Jacques-Louis David’s mythological painting of the farewell of the young lovers Telemachus and Eucharis was created during the artist’s last years, when the return of the monarchy to France forced him into exile in Brussels. While several of David’s paintings from this period show his preoccupation with the psychology of love, none depicts the emotions more tenderly than this painting from 1818. The innocence and purity of the adolescents, as well as the depth of their emotions, are rendered with great mastery. Dorothy Johnson’s text explores the various strands in David’s life—from history painter to revolutionary and regicide to exile—that came together at the end of his life when he created some of his richest and most complex works. The author shows how his relationship with his family and friends may have dictated his choice of themes, and how his influence on the modern French school of painting continues to be strong, despite his life in exile.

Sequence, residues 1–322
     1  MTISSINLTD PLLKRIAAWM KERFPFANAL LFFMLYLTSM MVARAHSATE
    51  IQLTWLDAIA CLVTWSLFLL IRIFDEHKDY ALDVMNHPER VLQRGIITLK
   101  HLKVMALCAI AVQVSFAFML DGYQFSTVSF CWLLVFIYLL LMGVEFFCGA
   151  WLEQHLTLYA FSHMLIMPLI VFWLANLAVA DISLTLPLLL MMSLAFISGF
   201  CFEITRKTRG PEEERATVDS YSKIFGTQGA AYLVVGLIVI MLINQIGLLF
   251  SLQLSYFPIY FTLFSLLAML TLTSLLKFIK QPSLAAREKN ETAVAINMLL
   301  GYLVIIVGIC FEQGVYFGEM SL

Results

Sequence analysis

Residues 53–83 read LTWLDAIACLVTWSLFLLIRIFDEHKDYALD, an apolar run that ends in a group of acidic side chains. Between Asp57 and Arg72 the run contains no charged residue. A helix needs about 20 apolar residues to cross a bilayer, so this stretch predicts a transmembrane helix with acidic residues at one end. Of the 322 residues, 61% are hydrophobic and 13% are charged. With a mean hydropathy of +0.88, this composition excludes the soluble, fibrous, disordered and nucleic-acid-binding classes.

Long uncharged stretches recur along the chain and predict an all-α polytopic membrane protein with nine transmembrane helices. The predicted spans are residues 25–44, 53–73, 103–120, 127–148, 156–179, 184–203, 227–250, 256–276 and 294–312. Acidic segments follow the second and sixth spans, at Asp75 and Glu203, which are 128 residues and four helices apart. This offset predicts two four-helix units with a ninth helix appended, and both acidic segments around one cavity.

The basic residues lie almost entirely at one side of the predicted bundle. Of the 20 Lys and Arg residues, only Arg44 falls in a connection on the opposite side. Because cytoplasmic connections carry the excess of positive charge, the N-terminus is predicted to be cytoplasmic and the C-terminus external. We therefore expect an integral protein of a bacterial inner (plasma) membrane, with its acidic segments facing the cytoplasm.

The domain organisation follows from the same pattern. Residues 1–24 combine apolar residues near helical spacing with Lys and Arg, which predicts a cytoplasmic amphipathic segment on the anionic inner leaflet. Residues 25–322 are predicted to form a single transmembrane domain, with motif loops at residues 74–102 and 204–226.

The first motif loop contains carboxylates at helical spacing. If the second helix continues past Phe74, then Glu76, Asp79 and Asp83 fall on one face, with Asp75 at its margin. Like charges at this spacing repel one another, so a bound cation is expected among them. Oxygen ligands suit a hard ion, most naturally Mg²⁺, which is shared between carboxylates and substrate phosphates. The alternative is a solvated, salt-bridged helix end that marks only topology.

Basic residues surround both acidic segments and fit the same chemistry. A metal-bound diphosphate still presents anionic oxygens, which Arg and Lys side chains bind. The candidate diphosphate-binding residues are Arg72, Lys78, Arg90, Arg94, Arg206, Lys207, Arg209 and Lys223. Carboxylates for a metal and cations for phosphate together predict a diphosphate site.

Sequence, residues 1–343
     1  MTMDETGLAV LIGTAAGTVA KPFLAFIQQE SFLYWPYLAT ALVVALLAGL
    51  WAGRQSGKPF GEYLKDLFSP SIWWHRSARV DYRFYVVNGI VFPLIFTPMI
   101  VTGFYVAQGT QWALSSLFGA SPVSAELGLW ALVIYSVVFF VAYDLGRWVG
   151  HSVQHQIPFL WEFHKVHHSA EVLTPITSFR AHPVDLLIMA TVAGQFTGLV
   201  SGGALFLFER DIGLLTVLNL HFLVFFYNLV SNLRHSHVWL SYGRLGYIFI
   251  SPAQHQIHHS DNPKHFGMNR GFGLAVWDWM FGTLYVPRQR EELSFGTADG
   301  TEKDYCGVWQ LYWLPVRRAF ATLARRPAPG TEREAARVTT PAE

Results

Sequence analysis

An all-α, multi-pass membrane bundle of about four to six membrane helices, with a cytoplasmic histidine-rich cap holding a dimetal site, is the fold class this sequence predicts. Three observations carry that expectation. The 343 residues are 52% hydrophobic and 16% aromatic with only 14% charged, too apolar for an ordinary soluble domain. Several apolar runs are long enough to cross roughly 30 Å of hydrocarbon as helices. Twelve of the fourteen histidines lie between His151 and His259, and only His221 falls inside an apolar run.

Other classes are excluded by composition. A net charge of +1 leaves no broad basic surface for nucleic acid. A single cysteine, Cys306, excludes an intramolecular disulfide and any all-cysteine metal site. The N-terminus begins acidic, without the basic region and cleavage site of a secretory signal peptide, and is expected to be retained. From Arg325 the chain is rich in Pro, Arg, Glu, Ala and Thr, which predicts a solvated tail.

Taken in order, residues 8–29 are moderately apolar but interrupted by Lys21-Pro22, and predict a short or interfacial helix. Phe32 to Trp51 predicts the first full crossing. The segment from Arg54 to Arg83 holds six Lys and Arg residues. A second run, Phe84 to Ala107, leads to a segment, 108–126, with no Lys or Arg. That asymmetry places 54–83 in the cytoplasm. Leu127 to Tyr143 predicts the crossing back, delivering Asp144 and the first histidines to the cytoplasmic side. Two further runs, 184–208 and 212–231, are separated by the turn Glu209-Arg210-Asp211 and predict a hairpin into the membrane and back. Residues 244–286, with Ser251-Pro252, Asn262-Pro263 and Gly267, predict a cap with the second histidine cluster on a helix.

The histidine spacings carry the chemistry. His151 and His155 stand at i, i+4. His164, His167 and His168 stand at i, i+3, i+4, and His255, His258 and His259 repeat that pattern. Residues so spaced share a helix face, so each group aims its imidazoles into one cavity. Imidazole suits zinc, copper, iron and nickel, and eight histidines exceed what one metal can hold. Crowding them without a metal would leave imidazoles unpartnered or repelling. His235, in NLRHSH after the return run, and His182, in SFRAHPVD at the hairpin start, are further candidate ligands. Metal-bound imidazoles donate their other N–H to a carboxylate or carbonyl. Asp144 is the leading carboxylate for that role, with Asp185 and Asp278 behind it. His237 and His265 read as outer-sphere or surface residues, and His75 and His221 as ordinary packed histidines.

Jacques-Louis David: The Farewell of Telemachus and Eucharis is part of the Getty Museum Studies on Art series, designed to introduce individual works of note or small groups of related works to a broad public with an interest in the history of art.
Each monograph is written by a leading scholar and features a close discussion of its subject as well as a detailed analysis of the broader historical and cultural context in which the work was created.
Table of Contents
- Freedom in Exile
- The Dream of Adolescent Love
- The Mythological and Cultural Contexts
- The Future of Myth
About the Authors
Dorothy Johnson is author of the study Jacques-Louis David: Art in Metamorphosis (Princeton, 1993). She is Director of the School of Art History at the University of Iowa.